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Dharma wheel 1

Dāna or Daan (Pāli, Sanskrit: दान dāna) is generosity or giving, a form of alms. In Hinduism and Buddhism, it is the practice of cultivating generosity. Ultimately, the practice culminates in one of the perfections (pāramitā): the perfection of giving - dāna-pāramitā. This can be characterized by unattached and unconditional generosity, giving and letting go.

Dāna as a formal religious act is directed specifically to a monastic or spiritually-developed person. In Buddhist thought, it has the effect of purifying and transforming the mind of the giver.[1]

Generosity developed through giving leads to being reborn in happy states and the availability of material wealth.[2] Conversely, lack of giving leads to unhappy states and poverty.

Buddhists believe that giving without seeking anything in return leads to greater spiritual wealth. Moreover, it reduces the acquisitive impulses that ultimately lead to continued dukkha.[3]

in Hindu DharmasastrasEdit

Broadly following Dāna exist in Hindu culture.


  1. Vidya Dāna or Vidya Daan (विद्या दान): Donating/Sharing Knowledge for education. "Give a man a fish and you feed him for a day. Teach a man to fish and you feed him for a lifetime." In Christianity, it is also known as the Gift of Knowledge
  2. Kanya Dāna: Giving one's daughter's hand in marriage, where the Daughter goes to stay with her husband.
  3. Anna Dāna/(अन्ना दान): Donating food to poor and needy, pilgrims, patients at hospitals, orphanages, old age homes etc.,
  4. Go Dāna: Donation of a Cow
  5. Bhu Dāna (भू दान): Donation of land

The type and number of Dāna vary depending on occasion such as Thread Ceremony (Vupanayanam - mainly performed for boys of specific castes namely Brahmins, Vysyas, Kshatriyas), Marriage, Gruha Pravesam (House Warming ceremony), Sreemantham (Baby shower), Birth Ceremony, Naming Ceremony, Cradle Ceremony, Samartha ceremony (for girls when puberty is reached).

Different types of Dāna are given in different quantities and are mixed with other Dāna depending on the occasion. Sometimes Dāna are given for relieving oneself from the sins committed or attributed or arising out of planetary positions i.e. Dosha nivarana purposes.


Maximum number of Dāna are given away during last rites (rituals performed for Death ceremony).

Ten major Danas or gifts are highlighted in Hindu Dharma, collectively called Dasa Dana. They are

  1. Land (Bhu Dāna)
  2. Gold
  3. Cow (Go Dāna )
  4. Clothes (Vastra Dāna)
  5. Rice
  6. Oil
  7. Clarified Butter
  8. Sesame (Tila Dāna)
  9. Silver
  10. Pulses

in Hindu LawEdit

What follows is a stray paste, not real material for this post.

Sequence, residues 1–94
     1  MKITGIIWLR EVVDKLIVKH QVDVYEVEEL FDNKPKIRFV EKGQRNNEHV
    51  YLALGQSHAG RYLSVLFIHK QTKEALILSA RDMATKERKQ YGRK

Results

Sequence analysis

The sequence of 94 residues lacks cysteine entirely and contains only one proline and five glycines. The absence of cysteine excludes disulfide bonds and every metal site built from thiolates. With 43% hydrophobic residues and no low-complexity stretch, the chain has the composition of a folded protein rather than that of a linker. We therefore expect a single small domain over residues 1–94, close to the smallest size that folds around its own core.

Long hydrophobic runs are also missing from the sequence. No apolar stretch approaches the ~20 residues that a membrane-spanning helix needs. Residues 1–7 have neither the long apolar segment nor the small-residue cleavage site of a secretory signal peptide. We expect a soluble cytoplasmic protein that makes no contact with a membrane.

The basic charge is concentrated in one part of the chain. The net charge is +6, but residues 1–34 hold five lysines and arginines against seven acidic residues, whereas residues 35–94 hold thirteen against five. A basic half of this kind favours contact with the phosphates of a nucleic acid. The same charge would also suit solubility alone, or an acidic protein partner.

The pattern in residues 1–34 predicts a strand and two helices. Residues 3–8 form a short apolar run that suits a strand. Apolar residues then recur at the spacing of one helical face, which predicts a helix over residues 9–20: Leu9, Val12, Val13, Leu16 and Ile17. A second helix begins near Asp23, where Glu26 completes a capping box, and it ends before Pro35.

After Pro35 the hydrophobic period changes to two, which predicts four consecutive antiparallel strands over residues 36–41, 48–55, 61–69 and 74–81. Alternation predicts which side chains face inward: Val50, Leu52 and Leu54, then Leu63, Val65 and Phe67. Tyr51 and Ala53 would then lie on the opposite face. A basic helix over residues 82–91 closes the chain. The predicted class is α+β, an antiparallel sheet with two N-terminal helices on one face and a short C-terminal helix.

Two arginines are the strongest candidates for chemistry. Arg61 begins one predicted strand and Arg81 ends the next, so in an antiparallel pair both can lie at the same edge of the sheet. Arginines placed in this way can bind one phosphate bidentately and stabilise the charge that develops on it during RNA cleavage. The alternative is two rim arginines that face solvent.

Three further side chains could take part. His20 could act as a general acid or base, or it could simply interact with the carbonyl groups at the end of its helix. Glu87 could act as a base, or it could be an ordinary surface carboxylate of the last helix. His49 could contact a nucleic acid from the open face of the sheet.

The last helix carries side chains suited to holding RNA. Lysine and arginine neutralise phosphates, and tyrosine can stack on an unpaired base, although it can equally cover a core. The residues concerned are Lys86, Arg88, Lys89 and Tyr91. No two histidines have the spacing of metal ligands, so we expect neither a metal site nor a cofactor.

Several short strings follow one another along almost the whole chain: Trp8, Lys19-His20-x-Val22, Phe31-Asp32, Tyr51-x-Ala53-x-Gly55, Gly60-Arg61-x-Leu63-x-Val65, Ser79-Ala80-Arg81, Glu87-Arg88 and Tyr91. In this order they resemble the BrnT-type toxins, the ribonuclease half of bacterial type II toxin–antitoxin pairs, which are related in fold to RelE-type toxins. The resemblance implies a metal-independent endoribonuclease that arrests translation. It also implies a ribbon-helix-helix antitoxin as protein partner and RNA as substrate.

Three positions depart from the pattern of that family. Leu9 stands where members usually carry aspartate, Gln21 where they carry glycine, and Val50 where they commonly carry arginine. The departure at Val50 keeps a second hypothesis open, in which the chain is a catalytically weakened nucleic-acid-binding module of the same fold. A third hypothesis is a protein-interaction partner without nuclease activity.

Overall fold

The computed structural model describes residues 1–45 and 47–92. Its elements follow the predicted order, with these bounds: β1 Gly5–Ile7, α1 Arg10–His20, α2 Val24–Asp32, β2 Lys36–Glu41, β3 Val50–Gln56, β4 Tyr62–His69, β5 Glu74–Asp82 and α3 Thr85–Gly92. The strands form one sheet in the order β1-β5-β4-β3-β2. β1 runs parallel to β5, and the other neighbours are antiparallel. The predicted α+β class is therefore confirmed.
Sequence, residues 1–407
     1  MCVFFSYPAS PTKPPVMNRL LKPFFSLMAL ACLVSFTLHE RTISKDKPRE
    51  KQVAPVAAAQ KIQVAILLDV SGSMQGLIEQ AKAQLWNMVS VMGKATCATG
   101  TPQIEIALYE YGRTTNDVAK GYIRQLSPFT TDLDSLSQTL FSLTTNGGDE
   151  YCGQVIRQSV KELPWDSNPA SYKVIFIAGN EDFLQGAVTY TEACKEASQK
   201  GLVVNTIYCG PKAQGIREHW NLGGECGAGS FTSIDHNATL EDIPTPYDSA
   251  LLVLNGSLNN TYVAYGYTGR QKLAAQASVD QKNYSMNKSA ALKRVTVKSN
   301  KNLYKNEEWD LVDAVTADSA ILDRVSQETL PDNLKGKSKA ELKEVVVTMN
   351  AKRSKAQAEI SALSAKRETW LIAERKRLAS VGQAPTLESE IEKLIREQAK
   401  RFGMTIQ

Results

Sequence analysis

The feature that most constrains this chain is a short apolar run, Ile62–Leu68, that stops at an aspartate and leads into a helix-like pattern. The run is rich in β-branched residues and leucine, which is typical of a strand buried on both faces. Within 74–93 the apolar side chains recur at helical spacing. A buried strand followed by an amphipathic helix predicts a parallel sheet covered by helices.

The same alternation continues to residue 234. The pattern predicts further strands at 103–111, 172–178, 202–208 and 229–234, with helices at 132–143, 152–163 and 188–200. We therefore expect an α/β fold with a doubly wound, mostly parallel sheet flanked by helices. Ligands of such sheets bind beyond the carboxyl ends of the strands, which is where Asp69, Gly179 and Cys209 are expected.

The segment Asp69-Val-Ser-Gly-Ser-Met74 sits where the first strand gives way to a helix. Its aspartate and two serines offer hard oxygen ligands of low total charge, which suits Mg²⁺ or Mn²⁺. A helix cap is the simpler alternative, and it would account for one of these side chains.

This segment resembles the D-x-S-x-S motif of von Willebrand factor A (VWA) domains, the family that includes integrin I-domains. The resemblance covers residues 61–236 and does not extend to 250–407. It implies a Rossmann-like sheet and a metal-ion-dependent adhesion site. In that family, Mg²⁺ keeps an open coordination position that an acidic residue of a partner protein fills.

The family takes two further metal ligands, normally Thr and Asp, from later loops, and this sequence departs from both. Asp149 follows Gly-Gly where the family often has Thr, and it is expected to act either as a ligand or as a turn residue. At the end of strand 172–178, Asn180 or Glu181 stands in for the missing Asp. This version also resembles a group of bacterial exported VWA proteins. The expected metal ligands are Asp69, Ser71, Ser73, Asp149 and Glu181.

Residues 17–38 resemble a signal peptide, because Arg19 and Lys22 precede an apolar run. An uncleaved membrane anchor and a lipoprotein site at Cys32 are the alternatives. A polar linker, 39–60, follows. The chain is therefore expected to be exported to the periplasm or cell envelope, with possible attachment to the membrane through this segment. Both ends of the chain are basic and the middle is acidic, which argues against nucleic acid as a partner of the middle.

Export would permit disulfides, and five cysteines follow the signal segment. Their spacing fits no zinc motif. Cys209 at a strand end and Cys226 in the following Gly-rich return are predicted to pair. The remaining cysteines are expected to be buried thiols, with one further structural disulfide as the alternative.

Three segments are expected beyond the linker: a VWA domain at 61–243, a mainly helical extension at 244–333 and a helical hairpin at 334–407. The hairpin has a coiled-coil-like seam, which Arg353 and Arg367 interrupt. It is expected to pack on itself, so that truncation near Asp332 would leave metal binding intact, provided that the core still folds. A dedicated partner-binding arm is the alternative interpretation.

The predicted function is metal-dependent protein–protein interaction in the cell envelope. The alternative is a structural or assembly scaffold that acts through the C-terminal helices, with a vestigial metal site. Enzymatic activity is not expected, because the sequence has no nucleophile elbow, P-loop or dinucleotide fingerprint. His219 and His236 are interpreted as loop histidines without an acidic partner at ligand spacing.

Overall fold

Hindu law breaks the giving and receiving of gifts down by caste, as it does other activities. Each caste has its own rules and regulations on the topic of religious gifts. Manu explains that the reason for this is to ensure the protection of all creation, of how things should be. Brahmins can both receive and give gifts. Kṣatriyas are allowed only to give gifts, as are the vaiśyas. Brahmins can accept gifts, but only under the right circumstances and from the right people. If a brahmin has enough to sustain himself and his family, he is then not to ask for gifts. If, however, he finds himself in a time of trouble and he anticipates struggling for his maintenance, he may seek gifts from the king. It is the duty of the king to supply proper livelihood for a brahmin in distress. Brahmins would not, however, seek gifts from a king that was not of the kṣatriya lineage, nor from any greedy king, or a king who disobeys the śâstras.[4]

Manu makes it clear under his section on Accepting and Giving Gifts that the acceptance of gifts is a special occurrence, and should not be taken for granted. If a man, a brahmin, becomes accustomed to this, his vedic energy will eventually become extinguished.[5] Kane elucidates this: “though entitled to accept gifts, a bramana should not again and again resort to that method, since the spiritual power that he acquires by vedic study is lost by accepting gifts.”[6] It is crucially important to know the law on how to accept a gift, which is why brahmins are the only ones to be able to do so, since they are learned in the Vedas. It is said that when a man who is not learned accepts certain gifts, he is then reduced to ashes, like a piece of wood. These certain gifts have the ability to burn up different parts of the ignorant man’s life, such as his land, his sight, his offspring, and his life-force, to name a few. In this way, an ignorant man should fear any gift, for it has the ability to make him sink "like a cow in the mud". In the same way, the donor must be wary of who really is learned and worthy of accepting his gifts.[7] It is important also that both the giver and the receiver share the same respect when giving and obtaining gifts. “When due respect is shown in accepting and in giving a gift, both the receiver and the giver go to heaven; but when the opposite happens, both go to hell.”[8]